The Hamiltonian in terms of B

Start with the Hamiltonian

\begin{displaymath}\bgroup\color{black}H={1\over 2\mu}\left(\vec{p} + {e\over c}\vec{A}\right)^2 - e\phi\egroup\end{displaymath}

Now write the Schrödinger equation.

{1\over 2\mu}\left({\hbar\over i} \vec{\nabla} + {e\over c}\ve...
+ {e^2\over{2mc^2}}A^2\psi
& = & \left(E + e \phi\right)\psi

The second term vanishes in the Coulomb gauge i.e., \bgroup\color{black}$\vec{\nabla}\cdot\vec{A}=0$\egroup, so

- {ie\...
= \left(E + e \phi\right)\psi \egroup\end{displaymath}

Now for constant \bgroup\color{black}$B_z$\egroup, we choose the vector potential

\begin{displaymath}\bgroup\color{black}\vec{A}=-{1\over 2}\vec{r}\times\vec{B}\egroup\end{displaymath}


& = &{\partial\over{\... 2}B_k \left(\sum_i \sum_j\varepsilon^2_{ijk}\right) = B_k \\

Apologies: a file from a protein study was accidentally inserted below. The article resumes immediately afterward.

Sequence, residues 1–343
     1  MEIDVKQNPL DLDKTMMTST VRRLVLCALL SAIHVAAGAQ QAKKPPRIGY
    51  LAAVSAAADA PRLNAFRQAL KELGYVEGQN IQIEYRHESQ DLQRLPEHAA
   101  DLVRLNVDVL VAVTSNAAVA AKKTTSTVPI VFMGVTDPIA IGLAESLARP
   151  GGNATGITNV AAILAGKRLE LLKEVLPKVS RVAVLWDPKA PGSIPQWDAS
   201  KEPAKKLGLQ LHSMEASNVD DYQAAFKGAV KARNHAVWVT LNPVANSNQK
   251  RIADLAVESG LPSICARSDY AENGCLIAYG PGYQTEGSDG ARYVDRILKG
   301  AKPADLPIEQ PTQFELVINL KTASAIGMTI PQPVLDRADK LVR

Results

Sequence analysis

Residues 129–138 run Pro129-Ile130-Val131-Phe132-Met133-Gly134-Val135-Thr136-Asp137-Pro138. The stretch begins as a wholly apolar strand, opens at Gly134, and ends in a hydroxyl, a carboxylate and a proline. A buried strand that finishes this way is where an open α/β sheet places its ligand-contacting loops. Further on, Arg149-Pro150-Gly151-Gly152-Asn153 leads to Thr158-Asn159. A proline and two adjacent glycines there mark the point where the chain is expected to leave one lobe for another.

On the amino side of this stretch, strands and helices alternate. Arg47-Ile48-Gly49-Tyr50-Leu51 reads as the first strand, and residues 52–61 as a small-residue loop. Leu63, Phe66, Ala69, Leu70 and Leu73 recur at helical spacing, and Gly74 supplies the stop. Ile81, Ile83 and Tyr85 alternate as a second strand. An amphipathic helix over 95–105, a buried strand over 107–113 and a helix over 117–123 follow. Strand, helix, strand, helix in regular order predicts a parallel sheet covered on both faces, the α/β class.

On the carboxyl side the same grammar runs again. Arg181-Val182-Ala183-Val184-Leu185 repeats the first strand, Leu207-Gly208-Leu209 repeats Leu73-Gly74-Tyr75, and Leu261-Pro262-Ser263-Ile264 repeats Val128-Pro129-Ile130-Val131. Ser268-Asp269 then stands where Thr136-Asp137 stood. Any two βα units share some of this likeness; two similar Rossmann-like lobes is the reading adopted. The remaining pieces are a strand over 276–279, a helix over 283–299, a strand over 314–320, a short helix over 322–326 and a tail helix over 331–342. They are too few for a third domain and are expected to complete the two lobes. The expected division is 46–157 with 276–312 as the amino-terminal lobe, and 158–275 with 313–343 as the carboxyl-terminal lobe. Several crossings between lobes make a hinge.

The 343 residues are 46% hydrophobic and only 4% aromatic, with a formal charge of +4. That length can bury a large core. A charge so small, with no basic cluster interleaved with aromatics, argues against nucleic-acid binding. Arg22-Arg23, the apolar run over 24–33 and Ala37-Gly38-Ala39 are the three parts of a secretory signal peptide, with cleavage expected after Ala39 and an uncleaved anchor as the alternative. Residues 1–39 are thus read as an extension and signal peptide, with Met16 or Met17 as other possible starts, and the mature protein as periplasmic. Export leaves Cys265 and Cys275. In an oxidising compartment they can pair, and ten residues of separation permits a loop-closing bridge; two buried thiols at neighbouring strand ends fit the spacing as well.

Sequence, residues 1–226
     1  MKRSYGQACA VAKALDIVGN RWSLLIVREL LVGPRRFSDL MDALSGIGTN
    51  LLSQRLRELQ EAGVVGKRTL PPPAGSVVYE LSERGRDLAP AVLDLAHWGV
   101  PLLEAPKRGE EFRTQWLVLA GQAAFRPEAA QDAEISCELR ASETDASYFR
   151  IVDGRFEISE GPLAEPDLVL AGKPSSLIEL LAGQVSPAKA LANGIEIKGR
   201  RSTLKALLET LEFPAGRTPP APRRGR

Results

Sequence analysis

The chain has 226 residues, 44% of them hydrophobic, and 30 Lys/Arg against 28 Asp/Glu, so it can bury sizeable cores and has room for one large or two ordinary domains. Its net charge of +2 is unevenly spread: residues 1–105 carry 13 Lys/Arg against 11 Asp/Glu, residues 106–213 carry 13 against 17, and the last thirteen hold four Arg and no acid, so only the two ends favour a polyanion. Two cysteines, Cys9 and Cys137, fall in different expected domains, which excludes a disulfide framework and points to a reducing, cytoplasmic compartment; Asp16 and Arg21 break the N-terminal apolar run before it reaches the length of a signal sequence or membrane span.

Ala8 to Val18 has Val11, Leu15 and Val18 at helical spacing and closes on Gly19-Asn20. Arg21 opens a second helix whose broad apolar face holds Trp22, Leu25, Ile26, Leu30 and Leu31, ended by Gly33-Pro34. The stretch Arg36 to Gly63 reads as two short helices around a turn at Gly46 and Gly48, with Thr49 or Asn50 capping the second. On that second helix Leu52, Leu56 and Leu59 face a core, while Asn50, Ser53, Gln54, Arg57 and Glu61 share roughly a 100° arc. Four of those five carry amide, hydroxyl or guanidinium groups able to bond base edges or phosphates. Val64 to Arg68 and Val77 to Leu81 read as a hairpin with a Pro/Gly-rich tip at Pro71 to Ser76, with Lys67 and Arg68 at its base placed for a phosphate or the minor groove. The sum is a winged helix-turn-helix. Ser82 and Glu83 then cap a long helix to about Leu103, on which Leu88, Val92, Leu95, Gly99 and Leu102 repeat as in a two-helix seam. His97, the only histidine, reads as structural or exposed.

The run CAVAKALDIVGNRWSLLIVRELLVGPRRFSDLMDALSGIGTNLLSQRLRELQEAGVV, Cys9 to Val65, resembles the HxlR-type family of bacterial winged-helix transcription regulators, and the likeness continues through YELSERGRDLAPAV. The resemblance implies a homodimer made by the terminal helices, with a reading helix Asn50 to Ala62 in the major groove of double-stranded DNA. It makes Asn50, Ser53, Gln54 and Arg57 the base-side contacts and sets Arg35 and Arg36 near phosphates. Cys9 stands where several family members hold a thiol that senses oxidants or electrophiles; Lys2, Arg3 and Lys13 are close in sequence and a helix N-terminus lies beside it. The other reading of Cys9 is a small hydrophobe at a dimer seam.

it gives the right field and satisfies the Coulomb gauge condition.

Substituting back, we obtain

+ {ie\...
= \left(E + e \phi\right)\psi \egroup\end{displaymath}

Now let's work on the vector arithmetic.

= -{i\over\hbar}\vec{B}\cdot\vec{L}\psi \egroup\end{displaymath}

& = & r_iB_j\varepsilon_{i...
...ght) \\
& = & r^2 B^2 - \left(\vec{r}\cdot\vec{B}\right)^2 - 0

So, plugging these two equations in, we get

+ {e\o...
= \left(E + e \phi\right)\psi. \egroup\end{displaymath}

We see that there are two new terms due to the magnetic field. The first one is the magnetic moment term we have already used and the second will be negligible in atoms.

Jim Branson 2013-04-22